The predominant fear of 9/11 stemmed from our sudden and violent realization of national vulnerability. America was supposed to be an untouchable safe zone despite the unpredictability of the rest of the world, yet suddenly we were brutally wounded and wondering where the next blow would fall. America was on her knees, confused and hurting, facing an aggressive (and to the average American) unknown enemy.
Yesterday, I flew from Washington, D.C. to Saint Louis, Missouri. When my plane took off, it raced up the runway at Reagan National past cluster after cluster of empty jetways. As we lifted up over the bridge and the Pentagon, 395 stretched out below with only a trickle of cars—at 3:30pm on a Saturday. Even from 30,000 feet, I could see major highways across the country were all but bare. I had the same ominous foreboding and sense of fear that permeated the country on 9/11 and in the strange days that followed.
We all fear this pandemic. But for many of us, our fear is not simply the invisible virus, it is the deafening silence of the American economy and the internal and external repercussions that might flow from a shutdown if it extends too long.
The internal threat is that a prolonged shutdown could ultimately wipe out the middle class and fundamentally alter our national DNA. The middle class—wealth producers—is central to America’s stability and longevity. This shutdown has a tipping point, a point at which small business will no longer be able to hold out. Wherever the tipping point is, if we reach it and tip, it is not overly dramatic to say that the life of the nation is on the line. I remember looking up into the cloudless sky on September 11th and wondering how many years it would be before we got back to normal. What it took me many years to realize was that life would never ever be the same again. We can’t let this pandemic prove to be a similarly negative inflection point.
The external threat is China. We are a nation at war. The virus has brought us to our knees, and like 9/11, we are weak and wondering if our adversary will hit us while we are down, or capitalize on our stumble with catastrophic success. These are very real and very chilling fears.
The positive news is that Donald Trump is our President in this time of crisis, in this time of war. We could not have found a President better equipped to handle this emergency, because Trump has proven commitment and expertise in the three critical areas needed to navigate the trade-offs we have to evaluate—he truly values American life, he understands the American economy, and he understands we are at war with China.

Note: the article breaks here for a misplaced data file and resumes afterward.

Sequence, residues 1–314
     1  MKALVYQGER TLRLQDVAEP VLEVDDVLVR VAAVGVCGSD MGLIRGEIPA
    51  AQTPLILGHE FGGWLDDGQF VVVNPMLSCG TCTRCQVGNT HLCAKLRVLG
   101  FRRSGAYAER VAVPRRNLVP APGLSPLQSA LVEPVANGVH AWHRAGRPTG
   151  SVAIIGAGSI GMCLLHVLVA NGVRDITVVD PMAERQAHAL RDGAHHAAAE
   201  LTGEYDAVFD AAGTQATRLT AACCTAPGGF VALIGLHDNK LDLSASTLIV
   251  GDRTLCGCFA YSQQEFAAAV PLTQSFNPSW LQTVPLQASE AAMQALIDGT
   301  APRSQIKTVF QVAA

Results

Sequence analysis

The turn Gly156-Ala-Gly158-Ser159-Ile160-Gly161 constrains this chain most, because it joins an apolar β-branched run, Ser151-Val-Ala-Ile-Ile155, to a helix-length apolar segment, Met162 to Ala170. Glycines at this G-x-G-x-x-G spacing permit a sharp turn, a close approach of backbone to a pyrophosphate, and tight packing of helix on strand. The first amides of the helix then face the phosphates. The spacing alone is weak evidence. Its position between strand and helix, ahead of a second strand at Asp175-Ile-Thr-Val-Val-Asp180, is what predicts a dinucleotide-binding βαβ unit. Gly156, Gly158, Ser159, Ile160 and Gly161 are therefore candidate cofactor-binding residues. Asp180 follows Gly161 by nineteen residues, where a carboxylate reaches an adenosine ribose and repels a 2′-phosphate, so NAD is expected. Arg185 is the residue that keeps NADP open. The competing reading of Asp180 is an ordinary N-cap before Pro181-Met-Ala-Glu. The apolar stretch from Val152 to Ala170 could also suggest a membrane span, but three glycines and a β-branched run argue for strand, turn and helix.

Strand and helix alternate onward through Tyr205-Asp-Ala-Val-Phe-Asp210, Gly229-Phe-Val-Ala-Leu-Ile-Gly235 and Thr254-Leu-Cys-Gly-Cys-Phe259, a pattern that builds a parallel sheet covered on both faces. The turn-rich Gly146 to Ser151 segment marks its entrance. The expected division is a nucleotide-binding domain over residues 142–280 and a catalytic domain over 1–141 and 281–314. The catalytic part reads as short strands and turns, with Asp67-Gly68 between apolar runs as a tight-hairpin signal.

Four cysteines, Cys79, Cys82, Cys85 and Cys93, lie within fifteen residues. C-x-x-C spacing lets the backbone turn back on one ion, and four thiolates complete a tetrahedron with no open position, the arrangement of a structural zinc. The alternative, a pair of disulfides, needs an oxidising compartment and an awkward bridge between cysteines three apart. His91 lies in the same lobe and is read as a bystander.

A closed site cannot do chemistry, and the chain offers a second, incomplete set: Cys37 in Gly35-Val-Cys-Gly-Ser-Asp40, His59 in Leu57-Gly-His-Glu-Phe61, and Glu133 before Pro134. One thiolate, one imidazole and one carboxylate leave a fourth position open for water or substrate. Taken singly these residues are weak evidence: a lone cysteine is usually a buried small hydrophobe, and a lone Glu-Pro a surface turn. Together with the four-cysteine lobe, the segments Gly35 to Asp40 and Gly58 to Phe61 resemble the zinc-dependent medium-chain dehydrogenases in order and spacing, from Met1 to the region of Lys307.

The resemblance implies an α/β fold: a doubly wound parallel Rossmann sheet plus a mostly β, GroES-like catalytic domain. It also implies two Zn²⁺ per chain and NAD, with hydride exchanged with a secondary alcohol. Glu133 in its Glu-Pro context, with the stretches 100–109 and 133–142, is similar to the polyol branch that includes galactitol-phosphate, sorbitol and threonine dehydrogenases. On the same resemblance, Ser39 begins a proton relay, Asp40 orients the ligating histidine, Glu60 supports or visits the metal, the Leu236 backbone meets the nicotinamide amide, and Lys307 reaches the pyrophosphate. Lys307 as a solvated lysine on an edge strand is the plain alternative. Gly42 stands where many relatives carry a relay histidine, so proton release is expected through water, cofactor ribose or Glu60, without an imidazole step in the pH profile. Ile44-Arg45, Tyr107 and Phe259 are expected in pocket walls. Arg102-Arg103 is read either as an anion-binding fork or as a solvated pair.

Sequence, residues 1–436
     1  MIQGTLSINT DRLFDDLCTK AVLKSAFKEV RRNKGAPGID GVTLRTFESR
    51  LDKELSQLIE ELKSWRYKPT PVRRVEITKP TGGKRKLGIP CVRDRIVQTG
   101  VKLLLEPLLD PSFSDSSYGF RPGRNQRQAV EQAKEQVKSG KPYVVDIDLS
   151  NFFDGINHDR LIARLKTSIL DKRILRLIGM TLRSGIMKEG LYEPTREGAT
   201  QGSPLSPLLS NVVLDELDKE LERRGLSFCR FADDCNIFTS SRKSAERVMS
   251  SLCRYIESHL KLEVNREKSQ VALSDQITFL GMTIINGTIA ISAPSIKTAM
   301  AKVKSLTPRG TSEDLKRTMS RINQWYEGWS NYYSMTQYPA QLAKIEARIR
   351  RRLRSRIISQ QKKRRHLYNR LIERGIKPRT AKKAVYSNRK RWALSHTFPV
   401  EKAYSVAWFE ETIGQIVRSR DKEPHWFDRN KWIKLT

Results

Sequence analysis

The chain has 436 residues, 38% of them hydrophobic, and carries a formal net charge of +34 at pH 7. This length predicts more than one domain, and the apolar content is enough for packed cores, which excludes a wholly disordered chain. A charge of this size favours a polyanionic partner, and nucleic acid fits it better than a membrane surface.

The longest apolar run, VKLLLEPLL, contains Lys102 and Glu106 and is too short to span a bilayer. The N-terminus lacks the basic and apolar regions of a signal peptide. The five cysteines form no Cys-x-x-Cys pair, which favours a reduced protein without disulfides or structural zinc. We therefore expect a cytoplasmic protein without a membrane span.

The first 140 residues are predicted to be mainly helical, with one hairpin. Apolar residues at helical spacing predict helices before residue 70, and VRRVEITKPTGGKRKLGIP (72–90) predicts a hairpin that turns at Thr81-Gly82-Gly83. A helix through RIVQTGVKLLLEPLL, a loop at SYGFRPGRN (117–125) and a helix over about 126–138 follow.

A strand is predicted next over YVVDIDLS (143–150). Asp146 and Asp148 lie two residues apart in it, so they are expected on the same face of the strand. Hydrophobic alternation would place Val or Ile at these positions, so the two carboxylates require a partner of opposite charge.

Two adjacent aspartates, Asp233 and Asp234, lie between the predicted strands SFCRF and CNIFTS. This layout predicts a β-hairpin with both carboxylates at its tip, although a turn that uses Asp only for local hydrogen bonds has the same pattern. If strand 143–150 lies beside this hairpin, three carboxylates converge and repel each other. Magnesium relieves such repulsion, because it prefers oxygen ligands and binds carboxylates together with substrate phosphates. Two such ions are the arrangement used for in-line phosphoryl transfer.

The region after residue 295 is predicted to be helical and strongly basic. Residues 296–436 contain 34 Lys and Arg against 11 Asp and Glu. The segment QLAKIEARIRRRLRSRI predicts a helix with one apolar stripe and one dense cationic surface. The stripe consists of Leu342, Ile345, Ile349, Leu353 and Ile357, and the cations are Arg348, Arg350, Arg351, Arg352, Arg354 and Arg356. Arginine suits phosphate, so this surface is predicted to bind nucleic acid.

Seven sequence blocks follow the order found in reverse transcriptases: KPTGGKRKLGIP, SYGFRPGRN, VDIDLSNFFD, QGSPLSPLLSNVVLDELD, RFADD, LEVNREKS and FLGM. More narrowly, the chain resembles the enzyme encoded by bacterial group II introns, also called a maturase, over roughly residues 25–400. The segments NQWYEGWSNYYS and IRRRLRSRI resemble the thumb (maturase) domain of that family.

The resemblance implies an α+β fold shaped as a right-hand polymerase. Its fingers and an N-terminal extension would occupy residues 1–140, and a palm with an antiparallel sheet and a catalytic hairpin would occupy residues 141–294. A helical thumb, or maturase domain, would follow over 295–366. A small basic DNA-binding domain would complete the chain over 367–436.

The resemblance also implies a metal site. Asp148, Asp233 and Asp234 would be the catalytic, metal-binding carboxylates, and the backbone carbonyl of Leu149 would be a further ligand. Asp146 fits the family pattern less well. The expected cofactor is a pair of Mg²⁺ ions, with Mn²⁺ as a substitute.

Trump is both empathetic and patriotic, which means he will do everything in his power to protect the health and lives of American citizens from this virus. Already he has taken decisive action to encourage lifesaving treatments and produce critical medical equipment. He has the obvious covered.
Less obvious, but perhaps more critically, he also has shown a special expertise in the economy. His first term pays tribute to his ability to create a robust economy. I take a lot of comfort in the knowledge that Trump understands how vital the American middle class is to our national character and our freedom, and that he knows just how far he can push this shutdown before the middle class folds. He must know he cannot push small business past the breaking point.
Finally, Trump understands China’s agenda and has not shrunk from engaging in the new Cold War China has waged against us. In the past three years, his strong stance on tariffs weaponized our economy against the CCP and other dangerous regimes that have sought to wreak havoc on America and take American lives. He will have an eye to those threats as he plots his pandemic strategy.
The key is to understand that our national lockdown is not without consequences. Fear of illness (and I fear the coronavirus) can blind us to other dangers that could rival that of a pandemic. Reinvigorating the economy (which is certainly more complicated than simply reopening the economy, but also certainly starts there) is critical. No one should be ashamed to worry and wonder about dangers posed by a nation at stand-still, and no one should be criticized for demanding our leaders and our press engage with those concerns, too, despite the sickness that surrounds us.